compressive strength (UCS) of rocks because of its simplicity, rapidity and
portability. However, determination of the Schmidt hardness (R) in laboratory
conditions is sometimes very difficult for weak rocks due to the fact that samples
can be broken during the test, as well as sample scarcity. Additionally, some
Schmidt hammer test procedures necessitate more readings for obtaining the
average R values than others. For these reasons, this study aims to explore more
practical and useful Schmidt hammer tests by reducing the rebound readings,
especially for the UCS estimation of rock materials.

The Schmidt hammer is a simple, nondestructive and inexpensive test


originally developed in the late 1940s for the testing of concrete hardness (Schmidt
1951), and since the early 1960s, it has been used to estimate the uniaxial
compressive strength (UCS) of rock (Deere and Miller 1966; Cargill and Shakoor
1990). It has been increasingly used worldwide on account of rapidity and
portability. A number of authors reported that it has been used for a variety of other
specific applications (Goktan and Gunes 2005). Among these are: determination of
rock weathering (Karpuz and Pasamehmetoglu 1977; Gokceoglu and Aksoy 2000;
Karaman et al. 2011a), assessing rock discontinuities (Young and Fowell 1978), joint
wall strength (ISRM 1978), mineroof control (Kidybinski 1968), roadheader and
tunnel boring machine performance (Poole and Farmer 1978; Bilgin et al. 1990),
drilling machine penetration rate (Kahraman et al. 2003) and rock mass
excavatability classification (Karpuz 1990).
Surface irregularities of the rock, test specimen size, spacing between the
impacts, orientation of the hammer, weathering state of the rock, and the adopted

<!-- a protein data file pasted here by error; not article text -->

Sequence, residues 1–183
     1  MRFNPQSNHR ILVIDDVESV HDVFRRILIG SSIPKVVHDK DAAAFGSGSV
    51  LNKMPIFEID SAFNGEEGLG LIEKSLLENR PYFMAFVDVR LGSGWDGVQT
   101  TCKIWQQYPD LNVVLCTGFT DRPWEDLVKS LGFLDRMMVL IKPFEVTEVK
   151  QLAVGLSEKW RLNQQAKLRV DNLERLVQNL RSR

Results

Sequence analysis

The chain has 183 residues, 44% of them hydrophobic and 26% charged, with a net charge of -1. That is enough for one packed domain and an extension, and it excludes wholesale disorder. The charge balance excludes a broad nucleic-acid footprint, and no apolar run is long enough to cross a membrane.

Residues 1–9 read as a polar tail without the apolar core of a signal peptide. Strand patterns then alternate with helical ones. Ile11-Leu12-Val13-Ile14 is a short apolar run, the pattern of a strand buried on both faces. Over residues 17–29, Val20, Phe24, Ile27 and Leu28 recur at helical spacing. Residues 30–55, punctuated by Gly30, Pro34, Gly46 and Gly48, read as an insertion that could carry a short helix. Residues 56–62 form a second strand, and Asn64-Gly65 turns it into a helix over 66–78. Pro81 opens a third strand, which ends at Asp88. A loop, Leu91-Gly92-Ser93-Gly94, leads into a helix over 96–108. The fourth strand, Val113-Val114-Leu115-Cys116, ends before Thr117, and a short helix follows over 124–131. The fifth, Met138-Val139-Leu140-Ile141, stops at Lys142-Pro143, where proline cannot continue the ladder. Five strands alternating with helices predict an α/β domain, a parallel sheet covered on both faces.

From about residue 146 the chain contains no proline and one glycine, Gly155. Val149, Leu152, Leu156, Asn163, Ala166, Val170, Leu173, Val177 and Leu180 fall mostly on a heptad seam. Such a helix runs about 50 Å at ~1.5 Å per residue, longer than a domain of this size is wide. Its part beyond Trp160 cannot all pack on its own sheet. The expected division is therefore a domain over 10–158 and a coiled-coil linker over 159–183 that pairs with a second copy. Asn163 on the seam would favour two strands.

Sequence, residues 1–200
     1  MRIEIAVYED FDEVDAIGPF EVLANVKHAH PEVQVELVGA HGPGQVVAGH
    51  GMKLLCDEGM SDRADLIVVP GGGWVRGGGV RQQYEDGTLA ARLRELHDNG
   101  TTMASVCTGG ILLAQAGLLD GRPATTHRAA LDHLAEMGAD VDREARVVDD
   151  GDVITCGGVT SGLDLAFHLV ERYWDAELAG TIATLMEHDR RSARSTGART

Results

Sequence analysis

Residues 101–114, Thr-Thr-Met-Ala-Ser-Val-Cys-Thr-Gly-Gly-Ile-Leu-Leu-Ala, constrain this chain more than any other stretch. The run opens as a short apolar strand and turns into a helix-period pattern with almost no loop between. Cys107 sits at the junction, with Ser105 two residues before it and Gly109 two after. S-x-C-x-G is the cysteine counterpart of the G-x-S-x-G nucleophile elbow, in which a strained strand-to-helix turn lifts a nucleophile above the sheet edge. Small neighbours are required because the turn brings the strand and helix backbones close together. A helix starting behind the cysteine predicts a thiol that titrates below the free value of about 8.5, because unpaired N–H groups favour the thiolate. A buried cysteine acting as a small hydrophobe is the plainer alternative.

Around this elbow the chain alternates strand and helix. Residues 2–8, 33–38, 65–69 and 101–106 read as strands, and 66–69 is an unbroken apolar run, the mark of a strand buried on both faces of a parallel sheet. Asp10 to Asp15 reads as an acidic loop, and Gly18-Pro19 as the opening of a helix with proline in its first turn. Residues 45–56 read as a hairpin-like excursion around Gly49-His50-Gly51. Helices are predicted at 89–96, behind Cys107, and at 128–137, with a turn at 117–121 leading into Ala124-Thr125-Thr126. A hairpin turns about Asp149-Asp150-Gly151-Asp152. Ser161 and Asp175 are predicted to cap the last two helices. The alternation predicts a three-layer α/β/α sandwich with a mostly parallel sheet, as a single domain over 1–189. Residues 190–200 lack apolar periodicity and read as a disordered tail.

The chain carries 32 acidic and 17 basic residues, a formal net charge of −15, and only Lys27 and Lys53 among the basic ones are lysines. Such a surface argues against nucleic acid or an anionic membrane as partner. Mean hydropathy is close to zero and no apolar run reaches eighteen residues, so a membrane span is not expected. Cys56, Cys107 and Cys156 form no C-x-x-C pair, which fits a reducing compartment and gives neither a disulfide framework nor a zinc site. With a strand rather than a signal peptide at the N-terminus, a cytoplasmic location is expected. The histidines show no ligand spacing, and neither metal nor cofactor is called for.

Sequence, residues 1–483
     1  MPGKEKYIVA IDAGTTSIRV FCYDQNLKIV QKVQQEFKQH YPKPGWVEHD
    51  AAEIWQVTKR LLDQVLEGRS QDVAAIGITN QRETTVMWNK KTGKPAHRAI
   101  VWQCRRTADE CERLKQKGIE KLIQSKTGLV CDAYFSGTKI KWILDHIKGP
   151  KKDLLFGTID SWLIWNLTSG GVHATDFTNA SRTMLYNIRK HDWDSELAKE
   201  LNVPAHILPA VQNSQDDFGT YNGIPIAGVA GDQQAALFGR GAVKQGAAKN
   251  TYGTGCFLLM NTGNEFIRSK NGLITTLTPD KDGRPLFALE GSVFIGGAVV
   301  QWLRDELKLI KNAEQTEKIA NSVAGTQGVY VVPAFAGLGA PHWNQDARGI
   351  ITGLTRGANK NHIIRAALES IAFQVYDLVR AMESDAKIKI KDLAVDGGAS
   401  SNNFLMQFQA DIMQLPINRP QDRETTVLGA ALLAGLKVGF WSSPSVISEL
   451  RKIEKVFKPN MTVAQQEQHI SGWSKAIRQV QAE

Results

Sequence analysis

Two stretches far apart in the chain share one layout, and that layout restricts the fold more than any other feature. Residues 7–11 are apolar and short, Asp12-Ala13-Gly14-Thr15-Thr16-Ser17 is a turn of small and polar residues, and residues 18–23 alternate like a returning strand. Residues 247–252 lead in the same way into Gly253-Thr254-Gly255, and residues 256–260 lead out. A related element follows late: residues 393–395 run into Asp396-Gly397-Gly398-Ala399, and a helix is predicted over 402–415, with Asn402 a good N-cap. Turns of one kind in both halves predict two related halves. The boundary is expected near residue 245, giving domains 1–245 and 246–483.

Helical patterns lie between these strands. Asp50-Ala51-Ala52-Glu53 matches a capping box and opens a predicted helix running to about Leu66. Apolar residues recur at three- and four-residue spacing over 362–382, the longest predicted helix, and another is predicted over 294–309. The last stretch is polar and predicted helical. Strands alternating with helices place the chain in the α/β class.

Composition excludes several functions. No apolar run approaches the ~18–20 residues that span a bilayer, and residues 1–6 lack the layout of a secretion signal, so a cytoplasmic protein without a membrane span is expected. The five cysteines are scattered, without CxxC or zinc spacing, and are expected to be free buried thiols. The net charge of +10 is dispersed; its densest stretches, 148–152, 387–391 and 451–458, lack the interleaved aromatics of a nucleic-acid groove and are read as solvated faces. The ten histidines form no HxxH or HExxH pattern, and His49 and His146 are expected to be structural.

test procedure are among the important factors that affect the hardness values of
the rocks (Hucka 1965; Poole and Farmer 1978; ISRM 2007; Goktan and Ayday 1993;
Katz et al. 2000; ASTM 2001; Aydin and Basu 2005; Buyuksagis and Goktan 2007;
Demirdag et al. 2009; Karaman et al. 2011b). Hucka (1965) and Poole and Farmer
(1980) observed that the peak rebound values of repeated impacts (ten and five
impacts, respectively) at individual points are more consistent than single impact
values. On the other hand, Shorey et al. (1984) preferred lower rebound values
because they were more reliable for estimation of UCS. Amaral et al. (1999)
reported that it is important to understand the variations in the hardness values,
because they are precisely related to the material heterogeneity, and thus all values
should be taken into account. Goktan and Gunes (2005) indicated that testing
procedure of Schmidt hammer is still not well established and there exists a wide
variation in the recommended testing procedures by various researchers and
institutions. Different test procedures may be suitable for different applications.
Torabi et al. (2010) indicated that the International Society for Rock Mechanics
(ISRM)-suggested method suffers from some shortcomings due to the very selective
nature of procedure. They also mentioned that the reasoning behind this is the fact
that eliminating a great number of the low numbers inevitably results in erroneous
outcomes, as low numbers may be the reaction of inherently weak portions of the

rock and not merely the effect of test deficiencies. Recently, Aydin (2009) published
a revised version of the ISRM method for determination of the Schmidt hammer
rebound hardness.
However, for years, ISRM (2007) and its old version, ISRM (1978), have been
used by many researchers to obtain hardness values by averaging the upper ten
readings from 20 single impacts. Thus, in the current study, the Schmidt hammer
test was performed based on ISRM (2007), to compare the results of analysis with
other results that exist in the literature.
This paper aims to seek Schmidt hammer testing methods (trial methods)
that could be used especially for the UCS prediction of rocks. Accordingly, three
different trial methods (T1, T2 and T3) were introduced, and the experimental
results obtained by these three methods were compared with the results of some
other testing methods that exist in the literature. Trial methods, which are thought
to be useful tools, particularly for rapid estimation of UCS, were studied in a variety
of rock lithologies.